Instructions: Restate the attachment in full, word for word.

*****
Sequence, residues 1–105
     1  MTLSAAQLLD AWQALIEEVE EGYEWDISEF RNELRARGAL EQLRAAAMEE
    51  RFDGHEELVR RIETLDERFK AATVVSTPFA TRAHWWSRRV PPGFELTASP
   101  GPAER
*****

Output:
Sequence, residues 1–105
     1  MTLSAAQLLD AWQALIEEVE EGYEWDISEF RNELRARGAL EQLRAAAMEE
    51  RFDGHEELVR RIETLDERFK AATVVSTPFA TRAHWWSRRV PPGFELTASP
   101  GPAER